Bipolar and Marriage

bipolar marriageCan a marriage thrive with bipolar disorder? Countless people have messaged me this very question.  And in my own humble opinion, I say absolutely, yes.

According to a 2003 article, “Managing Bipolar Disorder,” in Psychology Today, 40 percent of all marriages fail in the United States and Canada. The article goes on to indicate that a whopping 90 percent of marriages will fail when involving a spouse with bipolar disorder. So basically, the odds are greatly stacked against us.

Whether you’re married with bipolar disorder or not, you know how difficult marriage can be, but also how amazing. No marriage is without its cross to bear, so to speak. With bipolar disorder it is especially difficult to maintain a healthy relationship because you have all the “regular” marital issues, plus bipolar issues on top of those.

I hate to sound nauseatingly happy-go-lucky about this issue, but I truly believe with hard work from both spouses, a marriage with bipolar cannot only survive but actually thrive.

The subsequent post(s) will include tips that my husband and I use to keep our marriage thriving.

What are your biggest bipolar marriage questions you’d like answered by my husband and I?

I’m so bipolar, and unashamed.

(Remember to click ‘follow’ to receive SoBipolar email updates.)

2 thoughts on “Bipolar and Marriage

  1. I recently entered into a relationship with a woman who had been diagnosed with BPD and PTSD years ago. She is very aware of various triggers and changes in her mood. I, too, have PTSD and have been doing as much research on BPD as possible so I can better understand what she is going through on a regular basis and how I can be part of a good support system for her.

    I love her very much and try to pay close attention to changes in her mood – through things as simple as music she is listening to and subtle body language.

    What recommendations and tips would you and your husband have for someone who is in a growing relationship with someone who has BPD? What actions can I take to be more supportive and understanding? Have you experienced anything in your relationship that you weren’t prepared for? How did you overcome those obstacles?

    1. Hi AJ, I’m assuming that by BPD you mean bipolar disorder and not borderline personality disorder. So with that said I think that what you’ve already done is awesome, which is research. The more you know, the better.

      I’ll answer this question by telling you what I personally love about what my husband does to support me (these ideas are not for everyone, I suppose you’ll have to weed out what will work best in your own relationship since I’m not a therapist or doctor).

      I love when I get home from a psychiatrist’s appointment and he asks me how I think it went. This shows me he is interested in my mental health wellbeing.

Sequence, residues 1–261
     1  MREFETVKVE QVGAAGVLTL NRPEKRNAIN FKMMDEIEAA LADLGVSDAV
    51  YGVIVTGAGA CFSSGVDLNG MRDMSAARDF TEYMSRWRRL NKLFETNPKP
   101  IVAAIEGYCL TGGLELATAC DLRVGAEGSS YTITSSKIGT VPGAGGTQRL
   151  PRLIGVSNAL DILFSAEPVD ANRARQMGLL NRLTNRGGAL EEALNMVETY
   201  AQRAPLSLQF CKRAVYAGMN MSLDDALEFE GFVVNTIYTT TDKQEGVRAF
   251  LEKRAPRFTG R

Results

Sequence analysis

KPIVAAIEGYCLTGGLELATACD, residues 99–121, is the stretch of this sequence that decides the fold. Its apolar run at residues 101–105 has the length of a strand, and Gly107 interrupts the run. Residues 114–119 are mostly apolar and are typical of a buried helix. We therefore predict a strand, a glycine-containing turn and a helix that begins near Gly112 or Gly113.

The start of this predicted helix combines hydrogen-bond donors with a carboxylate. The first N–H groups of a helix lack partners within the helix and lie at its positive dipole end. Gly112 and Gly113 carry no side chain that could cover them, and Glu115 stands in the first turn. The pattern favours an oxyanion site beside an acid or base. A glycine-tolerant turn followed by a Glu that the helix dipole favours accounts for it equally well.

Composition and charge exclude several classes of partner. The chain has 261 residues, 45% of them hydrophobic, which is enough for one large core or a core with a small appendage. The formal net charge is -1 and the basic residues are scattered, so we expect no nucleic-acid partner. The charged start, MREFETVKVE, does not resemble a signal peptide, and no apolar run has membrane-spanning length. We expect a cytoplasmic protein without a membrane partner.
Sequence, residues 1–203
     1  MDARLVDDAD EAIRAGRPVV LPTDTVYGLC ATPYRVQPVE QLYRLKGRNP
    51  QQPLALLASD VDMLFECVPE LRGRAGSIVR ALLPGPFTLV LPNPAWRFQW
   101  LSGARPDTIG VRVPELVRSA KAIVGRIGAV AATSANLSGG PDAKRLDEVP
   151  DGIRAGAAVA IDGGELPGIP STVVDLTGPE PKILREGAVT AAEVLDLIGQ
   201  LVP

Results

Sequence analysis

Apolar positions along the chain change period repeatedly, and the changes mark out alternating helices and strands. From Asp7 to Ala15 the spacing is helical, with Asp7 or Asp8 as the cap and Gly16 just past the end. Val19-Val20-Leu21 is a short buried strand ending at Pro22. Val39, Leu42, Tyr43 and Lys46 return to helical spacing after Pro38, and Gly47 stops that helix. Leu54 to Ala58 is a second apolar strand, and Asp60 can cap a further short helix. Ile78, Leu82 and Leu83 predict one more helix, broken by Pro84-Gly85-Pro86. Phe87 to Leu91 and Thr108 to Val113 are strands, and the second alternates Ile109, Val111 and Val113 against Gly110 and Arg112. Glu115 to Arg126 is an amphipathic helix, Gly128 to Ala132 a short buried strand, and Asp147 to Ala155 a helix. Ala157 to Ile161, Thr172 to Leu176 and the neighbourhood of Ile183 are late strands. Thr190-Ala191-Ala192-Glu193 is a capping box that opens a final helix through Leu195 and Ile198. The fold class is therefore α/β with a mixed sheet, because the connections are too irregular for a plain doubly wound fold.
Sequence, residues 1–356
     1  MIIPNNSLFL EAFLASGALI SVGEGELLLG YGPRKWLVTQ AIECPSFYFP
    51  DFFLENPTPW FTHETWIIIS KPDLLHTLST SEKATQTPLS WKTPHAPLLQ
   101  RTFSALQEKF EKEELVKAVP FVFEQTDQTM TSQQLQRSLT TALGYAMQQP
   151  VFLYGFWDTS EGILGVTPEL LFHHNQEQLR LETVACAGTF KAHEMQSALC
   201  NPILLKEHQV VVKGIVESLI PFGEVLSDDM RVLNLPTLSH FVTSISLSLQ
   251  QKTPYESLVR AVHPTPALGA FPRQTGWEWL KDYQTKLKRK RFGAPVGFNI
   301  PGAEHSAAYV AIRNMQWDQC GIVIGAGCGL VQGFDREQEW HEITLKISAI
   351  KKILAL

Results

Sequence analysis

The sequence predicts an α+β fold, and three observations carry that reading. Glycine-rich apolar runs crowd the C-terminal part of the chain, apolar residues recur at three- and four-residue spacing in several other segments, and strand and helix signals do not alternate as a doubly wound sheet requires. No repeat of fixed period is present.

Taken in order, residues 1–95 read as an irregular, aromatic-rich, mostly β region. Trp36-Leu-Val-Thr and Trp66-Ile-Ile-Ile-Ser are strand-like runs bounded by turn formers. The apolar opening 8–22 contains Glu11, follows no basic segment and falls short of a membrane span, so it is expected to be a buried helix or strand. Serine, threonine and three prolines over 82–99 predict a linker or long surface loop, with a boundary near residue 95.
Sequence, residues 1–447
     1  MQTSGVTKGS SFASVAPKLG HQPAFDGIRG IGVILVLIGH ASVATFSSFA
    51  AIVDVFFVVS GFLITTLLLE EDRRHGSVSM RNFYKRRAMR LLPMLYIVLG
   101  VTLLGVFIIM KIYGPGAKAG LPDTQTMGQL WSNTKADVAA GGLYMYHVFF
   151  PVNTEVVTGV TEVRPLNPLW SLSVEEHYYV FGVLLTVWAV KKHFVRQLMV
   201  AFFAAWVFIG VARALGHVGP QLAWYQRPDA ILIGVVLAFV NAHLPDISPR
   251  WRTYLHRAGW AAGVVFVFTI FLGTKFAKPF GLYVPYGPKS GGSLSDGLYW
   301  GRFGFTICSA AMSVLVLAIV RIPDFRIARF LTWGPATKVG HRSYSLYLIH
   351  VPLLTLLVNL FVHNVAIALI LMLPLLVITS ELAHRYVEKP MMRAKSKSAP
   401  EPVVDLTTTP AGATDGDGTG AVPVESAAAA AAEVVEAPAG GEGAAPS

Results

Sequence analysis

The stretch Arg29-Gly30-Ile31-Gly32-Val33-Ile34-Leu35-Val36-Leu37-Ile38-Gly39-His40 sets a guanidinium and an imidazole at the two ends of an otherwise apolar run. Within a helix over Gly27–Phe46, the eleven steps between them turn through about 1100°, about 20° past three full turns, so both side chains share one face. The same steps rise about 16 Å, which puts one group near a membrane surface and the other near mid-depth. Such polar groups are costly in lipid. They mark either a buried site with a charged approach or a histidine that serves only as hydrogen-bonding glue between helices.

Many times when I was too sick to help myself, my husband would actually go to my appointments with me. He would tell the doctor from his perspective what was happening and would help me voice buy concerns even when I felt I could not. This made me feel like somebody had my back

      When depression hits and I’m crying, I love that my husband doesn’t try to fix the situation right away. He just holds me tight. Talking during extreme high or low moods never goes well. Just physically being there and holding me and listening are what really help.

      When my husband sees that I’m not doing well, sometimes he will just say ‘stop what you’re doing, get in bed and watch movies. I’ve got the rest of what needs to be done.’ I don’t even ask for help, which admittedly I’m terrible at. It forces me to slow down and take care of myself, just as any other person with a health problem would do.

      You asked if there was something we’ve ever been unprepared for, and I would say yes. We were not prepared for how terrible postpartum depression would be for me, as well as medication withdrawal symptoms.

      We overcame those obstacles with a lot of persistence going to doctor appointments, seeing a counselor, prayer, and a lot of us talking things out ourselves. Those times were NOT easy, but because of our love for each other, we made it through.

      Through all of the ups and downs in our marriage, we’ve come out so much stronger in part because of my bipolar. Bipolar has forced us to communicate and to know each other’s ‘deeper’ sides when we otherwise may not have. So perhaps, bipolar may be a blessing in disguise.

      My husband says that patience is key. When we were first dating he said that he made the mistake of thinking my moods were a sprint instead of a marathon. He would try to make me happy by taking me to a movie, etc. Then he realized it’s more of a slow, on-going process. It’s more about support than entertaining me to get me to “snap out of it,” which just does not happen with bipolar.

      Hope even one part of all this helps! 🙂

Leave a Reply